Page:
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Candy Aisle Poised for Growth Despite Economic Pressures

Consumers are still treating themselves but have shifted their behaviors, attendees of the "State of Treating" session at the 2024 Sweets & Snacks Expo learned.
Melissa Kress
candy bars at checkout at a retail store

INDIANAPOLIS — Economic pressures are affecting how today's consumers shop retail, and the candy and snacks aisle is not immune to the impact.  

When asked how they are feeling financially today vs. where they were about a year ago, few consumers said "the same," which points to "a little bit more of a stabilization," according to Anne-Marie Roerink, president of 210 Analytics, a market research provider.

At the same time, a higher percentage of consumers said they are worse off financially today than better off, which points to "a great concern out in the marketplace" about grocery and restaurants, and about being able to afford treats and being able to afford life altogether, she noted during the "State of Treating" session at the 2024 Sweets & Snacks Expo, held last month.

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[Read more: U.S. Consumers Continue to Enjoy a Snacking Lifestyle]

The reason is not necessarily inflation — which is around 2% currently. The problem really is the cumulative impact of all the inflation over the past several months. Citing Circana data, Roerink pointed out that the average price per item in every food and beverage segment has increased 33% to 35% compared to 2019.

"I have to imagine there are very few people here in the room that are making 33% more than you did in 2019, and that means there is simply a lot of pressure on what people have to spend and how they have to balance," she said. "Oftentimes, people still look at convenience and nutrition, and what they're in the mood for or whatever the family is in the mood for but, at the same time, it is about price and promotion."

Things are looking up, Roerink emphasized. Examining consumer confidence, 35% of consumers believe they are going to be a little bit better off next year than they were last year — and people who feel a little bit more optimistic are more likely to spend a little bit more freely, she noted. 

"[Consumers are] starting to engage more with restaurants again and they're really starting to live life a little bit more the way they did in 2019," she said.

The Candy Aisle 

Consumers are not wrong in their belief that prices are up, and that is true for the treating categories. According to Circana research, 70% of consumers believe confectionery is more expensive than pre-pandemic.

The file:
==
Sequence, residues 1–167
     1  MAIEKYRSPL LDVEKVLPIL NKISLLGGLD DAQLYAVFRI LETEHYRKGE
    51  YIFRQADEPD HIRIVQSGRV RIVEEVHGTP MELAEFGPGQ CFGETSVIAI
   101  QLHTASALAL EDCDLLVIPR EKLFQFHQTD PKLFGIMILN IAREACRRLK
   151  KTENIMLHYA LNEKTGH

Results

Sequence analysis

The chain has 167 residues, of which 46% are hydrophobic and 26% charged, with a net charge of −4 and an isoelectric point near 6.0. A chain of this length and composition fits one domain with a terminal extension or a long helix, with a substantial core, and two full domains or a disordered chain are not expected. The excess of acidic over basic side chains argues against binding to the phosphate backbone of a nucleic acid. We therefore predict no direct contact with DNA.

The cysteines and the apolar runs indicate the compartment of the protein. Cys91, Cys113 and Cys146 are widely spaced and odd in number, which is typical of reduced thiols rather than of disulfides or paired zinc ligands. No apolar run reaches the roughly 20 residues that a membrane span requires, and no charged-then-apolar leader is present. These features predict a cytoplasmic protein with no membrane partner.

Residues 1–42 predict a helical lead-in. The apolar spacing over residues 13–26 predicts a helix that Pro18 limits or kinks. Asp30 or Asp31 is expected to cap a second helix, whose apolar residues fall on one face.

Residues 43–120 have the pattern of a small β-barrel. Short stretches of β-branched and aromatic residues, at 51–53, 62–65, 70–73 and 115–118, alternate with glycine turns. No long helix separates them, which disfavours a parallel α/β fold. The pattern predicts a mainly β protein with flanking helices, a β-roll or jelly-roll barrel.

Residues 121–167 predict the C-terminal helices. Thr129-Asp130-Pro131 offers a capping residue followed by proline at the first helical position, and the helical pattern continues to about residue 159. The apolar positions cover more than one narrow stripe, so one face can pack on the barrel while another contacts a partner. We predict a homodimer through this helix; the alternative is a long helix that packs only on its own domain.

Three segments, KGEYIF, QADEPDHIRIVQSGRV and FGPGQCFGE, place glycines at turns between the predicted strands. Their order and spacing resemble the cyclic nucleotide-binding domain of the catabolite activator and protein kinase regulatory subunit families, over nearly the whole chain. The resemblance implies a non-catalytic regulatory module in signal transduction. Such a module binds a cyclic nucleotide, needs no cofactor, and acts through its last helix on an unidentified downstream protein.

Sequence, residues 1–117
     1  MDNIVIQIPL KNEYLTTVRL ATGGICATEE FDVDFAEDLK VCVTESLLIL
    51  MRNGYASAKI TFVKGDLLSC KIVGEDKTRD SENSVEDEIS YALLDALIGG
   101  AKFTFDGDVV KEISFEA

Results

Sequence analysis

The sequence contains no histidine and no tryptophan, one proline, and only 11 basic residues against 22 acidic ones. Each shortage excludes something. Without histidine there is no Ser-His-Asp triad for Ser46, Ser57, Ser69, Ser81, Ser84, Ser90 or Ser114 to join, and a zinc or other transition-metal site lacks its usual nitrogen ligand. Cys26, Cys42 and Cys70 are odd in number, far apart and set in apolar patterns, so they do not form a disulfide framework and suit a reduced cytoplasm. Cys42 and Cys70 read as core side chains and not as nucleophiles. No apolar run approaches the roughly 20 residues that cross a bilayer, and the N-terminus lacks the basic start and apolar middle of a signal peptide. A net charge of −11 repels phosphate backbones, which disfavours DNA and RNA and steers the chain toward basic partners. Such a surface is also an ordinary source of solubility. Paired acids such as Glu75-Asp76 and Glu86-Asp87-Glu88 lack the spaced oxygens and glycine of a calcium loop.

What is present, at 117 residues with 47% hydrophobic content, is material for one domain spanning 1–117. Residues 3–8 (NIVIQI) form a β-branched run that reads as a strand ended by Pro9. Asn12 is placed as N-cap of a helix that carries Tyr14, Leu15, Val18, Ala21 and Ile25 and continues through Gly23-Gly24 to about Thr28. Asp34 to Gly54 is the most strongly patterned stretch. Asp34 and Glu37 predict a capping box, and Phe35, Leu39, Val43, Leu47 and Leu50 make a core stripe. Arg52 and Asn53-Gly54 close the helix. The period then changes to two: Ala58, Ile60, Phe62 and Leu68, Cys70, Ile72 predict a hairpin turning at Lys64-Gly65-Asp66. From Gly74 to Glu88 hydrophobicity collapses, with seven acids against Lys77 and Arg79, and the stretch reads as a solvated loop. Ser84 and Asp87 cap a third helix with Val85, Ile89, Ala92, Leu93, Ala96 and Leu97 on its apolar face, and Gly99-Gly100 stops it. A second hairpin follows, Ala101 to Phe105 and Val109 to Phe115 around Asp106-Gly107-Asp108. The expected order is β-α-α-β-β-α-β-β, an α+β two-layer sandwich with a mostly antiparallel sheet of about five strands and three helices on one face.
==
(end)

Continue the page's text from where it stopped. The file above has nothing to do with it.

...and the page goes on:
"Cocoa prices this year have seen tremendous increases, so we are not quite out of the woods yet. The only good news in that is we are not the only ones," Roerink said. "But if you look at chocolate, it is up 37% compared to 2019 and nonchocolate candy is up 44%. Those are some robust increases and that means we are seeing manufacturers and retailers working together to really engage consumers in different ways. It might be more of a package size variety. It might be running more aggressive promotions or more promotions in general, and secondary displays."

Noting that higher prices are the reality for consumers, Roerink called out candy's triangle of success: affordability, favorability and permissibility. Notably, 86% of consumers believe it is fine to occasionally have a treat. 

As for affordability, candy has always fared well against other categories when it comes to affordability, but that perception is shifting. In 2023, 74% of consumers agreed that chocolate and candy are more expensive but still affordable. That number dropped to 55% this year. 

"This is something to keep in mind; consumers are feeling a little bit more pinched when it comes to buying our category and that's why we see a lot of unit and volume pressure in our category," said Roerink. "Over the past year, it also has led to a tremendous amount of change. Forty-one percent of consumers have changed the way they engage with confectionery as they're shopping."

The top changes made are:

  • 44% buy chocolate/candy less often; 
  • 30% buy what is on sale; 
  • 26% buy smaller pack sizes; 
  • 26% buy larger pack sizes; and
  • 25% buy only their favorite products. 

Overall, the confectionery category is still a strong and powerful category, though it cannot completely escape the pressures, Roerink noted. 2023 confectionery sales reached $35 billion and 2023 dollar sales were up 8.9% vs. a year ago. 

While these numbers are good, she explained that there are three ways to drive growth:

  1. You can get more consumers to buy.
  2. You can get consumers to buy more often.
  3. You can get consumers to spend a little bit more per trip. 

"At the end of the day, there's three levers of growth and depending on where you're sitting and what you want to accomplish, you tend to focus on one of the three or all three," she said. 

The 2024 Sweets & Snacks Expo took place May 14-16 at the Indiana Convention Center in Indianapolis. The annual trade show features new product launches, business-building solutions and merchandising innovations. The event is sponsored by the National Confectioners Association, the leading trade organization for the $48 billion U.S. confectionery industry. 

About the Author

Melissa Kress

Melissa Kress

Melissa Kress is Executive Editor of Convenience Store News. She joined the brand in 2010. Melissa handles much of CSNews' hard news coverage, such as mergers and acquisitions and company financial reports, and the technology beat. She is also one of the industry's leading media experts on the tobacco category.

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